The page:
Drood, p.30
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       Drood, p.30

           Dan Simmons

  After a second bottle of wine was opened and the chilled gin punch was finished, the group began to sing travelling songs—some of which I’d sung with Dickens when it had been just the two of us wandering around the country or in Europe the previous decade. This day, as we approached Birmingham, Dickens was moved to dance a sailor’s hornpipe for us as we all whistled accompaniment. When he was finished and out of breath, Dolby gave him the last glass of punch and Dickens began teaching us the drinking song from Der Freischütz. Suddenly an express roared past us going the opposite way on the adjoining track and Dickens’s lovely felt hat was whisked right off his balding head by the vacuum. Wills, who seemed more the consumptive type than an athlete, launched his long arm out the window and caught the hat just before it disappeared forever into the countryside. We all applauded and Dickens pounded the frail man heartily on the back.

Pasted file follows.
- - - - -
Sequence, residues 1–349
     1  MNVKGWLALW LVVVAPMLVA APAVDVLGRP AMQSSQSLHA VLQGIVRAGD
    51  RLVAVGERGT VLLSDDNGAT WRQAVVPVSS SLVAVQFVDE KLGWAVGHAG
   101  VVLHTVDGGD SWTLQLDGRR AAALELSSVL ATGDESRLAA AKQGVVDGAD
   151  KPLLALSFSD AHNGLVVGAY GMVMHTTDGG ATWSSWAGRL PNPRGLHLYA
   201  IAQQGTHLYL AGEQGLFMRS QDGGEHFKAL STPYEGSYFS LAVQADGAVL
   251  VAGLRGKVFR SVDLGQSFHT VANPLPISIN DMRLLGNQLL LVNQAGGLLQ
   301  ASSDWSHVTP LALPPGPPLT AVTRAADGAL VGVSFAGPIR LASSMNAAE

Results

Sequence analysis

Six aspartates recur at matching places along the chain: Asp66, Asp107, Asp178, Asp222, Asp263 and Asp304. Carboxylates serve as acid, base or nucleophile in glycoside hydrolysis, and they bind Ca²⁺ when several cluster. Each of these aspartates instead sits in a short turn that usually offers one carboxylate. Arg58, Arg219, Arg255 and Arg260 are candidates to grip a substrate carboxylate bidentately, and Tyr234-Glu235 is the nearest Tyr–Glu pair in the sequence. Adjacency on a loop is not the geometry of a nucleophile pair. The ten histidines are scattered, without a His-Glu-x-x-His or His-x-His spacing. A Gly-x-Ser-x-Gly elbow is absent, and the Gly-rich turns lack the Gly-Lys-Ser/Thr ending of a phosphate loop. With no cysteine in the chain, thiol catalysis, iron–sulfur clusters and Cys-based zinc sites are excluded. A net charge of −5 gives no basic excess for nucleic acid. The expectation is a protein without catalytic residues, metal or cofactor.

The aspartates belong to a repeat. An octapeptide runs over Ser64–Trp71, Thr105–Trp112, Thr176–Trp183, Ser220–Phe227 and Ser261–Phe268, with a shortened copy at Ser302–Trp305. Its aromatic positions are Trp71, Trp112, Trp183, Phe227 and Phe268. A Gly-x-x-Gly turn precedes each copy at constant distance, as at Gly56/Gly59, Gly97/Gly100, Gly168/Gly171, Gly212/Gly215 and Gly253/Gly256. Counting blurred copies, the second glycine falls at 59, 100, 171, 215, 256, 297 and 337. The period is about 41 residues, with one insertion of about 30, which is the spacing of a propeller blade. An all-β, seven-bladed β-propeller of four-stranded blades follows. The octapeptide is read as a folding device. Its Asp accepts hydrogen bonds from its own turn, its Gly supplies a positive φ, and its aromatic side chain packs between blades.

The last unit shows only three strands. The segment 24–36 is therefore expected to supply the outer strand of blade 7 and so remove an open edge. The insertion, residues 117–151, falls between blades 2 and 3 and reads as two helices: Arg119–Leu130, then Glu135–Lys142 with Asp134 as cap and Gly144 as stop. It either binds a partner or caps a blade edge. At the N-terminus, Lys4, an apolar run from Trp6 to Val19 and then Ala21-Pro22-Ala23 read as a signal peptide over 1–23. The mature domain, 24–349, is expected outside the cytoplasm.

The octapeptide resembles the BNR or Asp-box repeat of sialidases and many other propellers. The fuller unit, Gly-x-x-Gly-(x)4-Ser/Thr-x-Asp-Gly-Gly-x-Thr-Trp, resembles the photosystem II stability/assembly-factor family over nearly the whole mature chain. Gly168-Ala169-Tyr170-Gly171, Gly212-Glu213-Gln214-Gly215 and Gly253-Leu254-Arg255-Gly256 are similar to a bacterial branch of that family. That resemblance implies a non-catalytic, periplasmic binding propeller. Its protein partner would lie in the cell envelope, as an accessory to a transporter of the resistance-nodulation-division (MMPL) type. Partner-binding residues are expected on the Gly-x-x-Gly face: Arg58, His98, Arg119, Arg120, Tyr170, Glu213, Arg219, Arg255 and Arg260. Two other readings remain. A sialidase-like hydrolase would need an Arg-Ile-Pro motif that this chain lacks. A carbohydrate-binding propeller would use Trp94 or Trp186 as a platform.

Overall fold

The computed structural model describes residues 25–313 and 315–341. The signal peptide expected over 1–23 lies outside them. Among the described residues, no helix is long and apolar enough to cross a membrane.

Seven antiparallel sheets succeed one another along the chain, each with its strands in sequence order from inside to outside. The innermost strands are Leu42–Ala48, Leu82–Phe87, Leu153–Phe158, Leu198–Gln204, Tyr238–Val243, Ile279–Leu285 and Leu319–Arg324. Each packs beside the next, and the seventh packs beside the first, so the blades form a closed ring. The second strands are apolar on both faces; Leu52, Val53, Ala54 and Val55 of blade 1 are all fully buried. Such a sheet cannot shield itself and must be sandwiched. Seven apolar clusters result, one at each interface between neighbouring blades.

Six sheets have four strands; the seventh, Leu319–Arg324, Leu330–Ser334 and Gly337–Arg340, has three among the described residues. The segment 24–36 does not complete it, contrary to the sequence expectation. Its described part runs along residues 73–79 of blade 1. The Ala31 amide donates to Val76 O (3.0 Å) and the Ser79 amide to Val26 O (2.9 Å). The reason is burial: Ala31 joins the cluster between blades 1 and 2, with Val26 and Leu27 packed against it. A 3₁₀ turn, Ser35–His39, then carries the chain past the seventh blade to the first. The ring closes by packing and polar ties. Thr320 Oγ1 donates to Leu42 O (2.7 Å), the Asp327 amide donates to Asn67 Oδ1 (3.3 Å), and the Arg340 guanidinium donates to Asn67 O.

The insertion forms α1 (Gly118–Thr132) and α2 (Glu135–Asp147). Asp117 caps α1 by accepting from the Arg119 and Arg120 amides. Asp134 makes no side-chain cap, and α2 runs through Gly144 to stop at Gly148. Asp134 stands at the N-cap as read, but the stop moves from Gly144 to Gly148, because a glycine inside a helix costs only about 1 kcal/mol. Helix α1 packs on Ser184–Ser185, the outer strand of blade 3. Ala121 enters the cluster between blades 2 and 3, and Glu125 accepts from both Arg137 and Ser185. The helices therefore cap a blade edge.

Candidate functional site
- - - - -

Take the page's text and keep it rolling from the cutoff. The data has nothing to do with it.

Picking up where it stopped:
“I lost a sealskin cap earlier on this tour under almost exactly the same circumstances,” Dickens said to me as he took the felt hat from Wills and tugged it back on. “I would have hated parting ways with this chapeau. Thank God Wills is famous for his defensive fielding. I can’t remember whether he was famous for playing at Deep fine leg or Backward short leg, but his fielding abilities are legendary. His shelves groan with silver cups.”

  “I have never played the game of…” began Wills.

  “Never mind, never mind,” laughed Dickens, clapping his companion on the back again. George Dolby boomed out laughter that must have been heard from one end of our express to the other.